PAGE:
Release Explanation: This report provides the number of people claiming new unemployment benefits and the number of people who are continuing to claim unemployment benefits. Both metrics are provided in weekly and in 4-week moving average form. Very important that economic forecasts are based on the labor market. Economic strength builds from the willingness/confidence of firms to hire, without a strong labor market growth is hard to achieve. Over time the Employment Data will affect all economic releases, it does however take time for labor trends to form. A currency will strengthen or weaken in-line with the other releases that the Employment Data impacts, rather than as a knee-jerk reaction to these numbers printing. Economists tend to look more at the 4-week numbers because weekly numbers can be volatile although the market reacts to the headline numbers initially.
Trade Desk Thoughts: The number of new claims for unemployment benefits for the week ending March 28 increased by 12,000 (1.83%) to 669,000, the Labor Department said today, the most since October 1982. Economists had expected to see 649,000 new claims.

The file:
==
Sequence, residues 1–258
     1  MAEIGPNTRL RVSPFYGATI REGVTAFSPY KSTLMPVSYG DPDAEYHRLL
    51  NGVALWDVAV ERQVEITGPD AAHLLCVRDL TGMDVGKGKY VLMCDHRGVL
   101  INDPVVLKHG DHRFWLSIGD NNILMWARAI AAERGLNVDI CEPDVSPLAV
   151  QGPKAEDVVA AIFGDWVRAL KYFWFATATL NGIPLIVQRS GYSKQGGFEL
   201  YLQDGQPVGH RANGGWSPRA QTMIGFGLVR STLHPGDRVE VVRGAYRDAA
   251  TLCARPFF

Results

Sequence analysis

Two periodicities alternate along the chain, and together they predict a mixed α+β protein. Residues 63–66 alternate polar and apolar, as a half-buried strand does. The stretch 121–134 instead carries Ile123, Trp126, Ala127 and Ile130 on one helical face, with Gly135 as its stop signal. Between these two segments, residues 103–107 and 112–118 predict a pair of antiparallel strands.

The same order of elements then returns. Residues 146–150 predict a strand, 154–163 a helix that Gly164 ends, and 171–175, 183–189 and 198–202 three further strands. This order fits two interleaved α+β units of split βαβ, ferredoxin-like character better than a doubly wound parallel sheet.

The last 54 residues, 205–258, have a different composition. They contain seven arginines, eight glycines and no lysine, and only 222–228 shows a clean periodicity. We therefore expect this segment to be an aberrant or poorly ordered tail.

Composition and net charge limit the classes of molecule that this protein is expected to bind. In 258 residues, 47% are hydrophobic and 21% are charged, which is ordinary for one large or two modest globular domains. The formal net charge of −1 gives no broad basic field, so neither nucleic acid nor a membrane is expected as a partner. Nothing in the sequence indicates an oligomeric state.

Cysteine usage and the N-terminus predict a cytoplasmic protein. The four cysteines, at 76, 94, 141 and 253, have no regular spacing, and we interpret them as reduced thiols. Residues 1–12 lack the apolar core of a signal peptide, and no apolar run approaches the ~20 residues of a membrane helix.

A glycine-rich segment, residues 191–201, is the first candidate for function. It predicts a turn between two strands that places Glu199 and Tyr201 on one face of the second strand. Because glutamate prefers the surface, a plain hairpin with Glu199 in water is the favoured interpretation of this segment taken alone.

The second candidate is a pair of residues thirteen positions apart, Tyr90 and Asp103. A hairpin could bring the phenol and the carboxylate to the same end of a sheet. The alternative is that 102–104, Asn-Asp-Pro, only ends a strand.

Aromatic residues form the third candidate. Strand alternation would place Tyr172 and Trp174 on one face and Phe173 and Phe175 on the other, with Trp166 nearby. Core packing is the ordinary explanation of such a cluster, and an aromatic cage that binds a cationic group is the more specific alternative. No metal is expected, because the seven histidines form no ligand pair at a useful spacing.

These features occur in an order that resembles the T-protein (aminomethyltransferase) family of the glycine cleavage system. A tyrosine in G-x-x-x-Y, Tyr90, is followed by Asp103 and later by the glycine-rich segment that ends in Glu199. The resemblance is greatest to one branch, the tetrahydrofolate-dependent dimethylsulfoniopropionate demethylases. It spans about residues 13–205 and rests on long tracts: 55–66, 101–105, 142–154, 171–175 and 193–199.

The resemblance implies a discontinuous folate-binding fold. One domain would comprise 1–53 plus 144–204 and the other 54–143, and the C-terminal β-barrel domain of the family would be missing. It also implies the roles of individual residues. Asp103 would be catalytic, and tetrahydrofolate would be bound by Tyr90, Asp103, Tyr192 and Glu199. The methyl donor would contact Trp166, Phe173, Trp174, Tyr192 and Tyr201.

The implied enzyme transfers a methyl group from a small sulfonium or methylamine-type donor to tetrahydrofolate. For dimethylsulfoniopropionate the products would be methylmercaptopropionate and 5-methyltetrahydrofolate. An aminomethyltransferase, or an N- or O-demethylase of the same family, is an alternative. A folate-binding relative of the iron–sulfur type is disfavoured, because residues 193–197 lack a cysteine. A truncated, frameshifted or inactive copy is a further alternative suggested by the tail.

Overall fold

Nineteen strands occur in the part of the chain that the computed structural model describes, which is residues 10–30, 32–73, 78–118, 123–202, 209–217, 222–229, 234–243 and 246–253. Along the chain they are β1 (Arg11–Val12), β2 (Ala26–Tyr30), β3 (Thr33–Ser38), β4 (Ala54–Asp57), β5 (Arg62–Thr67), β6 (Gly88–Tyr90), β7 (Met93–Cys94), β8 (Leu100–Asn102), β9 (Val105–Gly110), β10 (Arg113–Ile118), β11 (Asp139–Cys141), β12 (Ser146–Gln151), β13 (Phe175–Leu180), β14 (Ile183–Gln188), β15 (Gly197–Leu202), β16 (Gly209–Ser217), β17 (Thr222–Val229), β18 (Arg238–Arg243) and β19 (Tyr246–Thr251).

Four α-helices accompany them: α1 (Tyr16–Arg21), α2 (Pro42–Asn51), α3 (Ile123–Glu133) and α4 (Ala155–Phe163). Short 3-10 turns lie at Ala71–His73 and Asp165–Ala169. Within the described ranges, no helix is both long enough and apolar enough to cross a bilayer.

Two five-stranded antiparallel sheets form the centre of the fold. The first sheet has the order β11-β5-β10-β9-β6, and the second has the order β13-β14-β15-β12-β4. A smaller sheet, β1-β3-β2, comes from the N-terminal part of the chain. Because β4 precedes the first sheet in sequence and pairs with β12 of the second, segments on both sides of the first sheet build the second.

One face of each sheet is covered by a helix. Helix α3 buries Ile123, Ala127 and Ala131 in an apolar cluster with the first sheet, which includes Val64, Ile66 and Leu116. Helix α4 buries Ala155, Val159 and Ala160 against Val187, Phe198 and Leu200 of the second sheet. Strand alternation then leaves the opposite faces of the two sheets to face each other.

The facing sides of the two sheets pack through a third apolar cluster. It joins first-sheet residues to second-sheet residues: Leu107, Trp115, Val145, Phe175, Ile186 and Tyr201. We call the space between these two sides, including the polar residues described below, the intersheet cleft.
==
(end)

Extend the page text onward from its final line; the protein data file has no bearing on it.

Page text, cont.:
The four-week average, which aims to smooth volatility in the data, rose 6,500 to 656,750. That's also the highest since the 1982 recession.
Today's report implies as many as 800,000 jobs were lost in the economy during March. The monthly non-farm payrolls report will be released tomorrow at 8:30 EDT.
The number of workers continuing to claim benefits jumped another 161,000 to 5,728,000, the highest level since the government started keeping track in 1967.
Continuing claims have risen 11 straight weeks and are up over one million since the start of the year, a reflection of how difficult it is to find work.
The unemployment rate for workers with unemployment insurance rose 0.1 percentage point to 4.3%, the highest since May 1983.
The U.S. has lost 4.4 million jobs since the recession started in December 2007 with 2.6 million of those losses coming in the last for months alone, including the largest monthly drop since 1949 in December. The unemployment rate currently stands at 8.1%, a 16-year high, but when taking into account those working part-time because full-time work isn't available along with workers who have given up on looking for employment, the percentage of unemployed rises to 14.8%, up nearly 6 percentage points from a year ago.
Forex Technical Reaction: S&P futures rose all night and the dollar declined against the better-yielding euro, pound and aussie as it gained on the yen.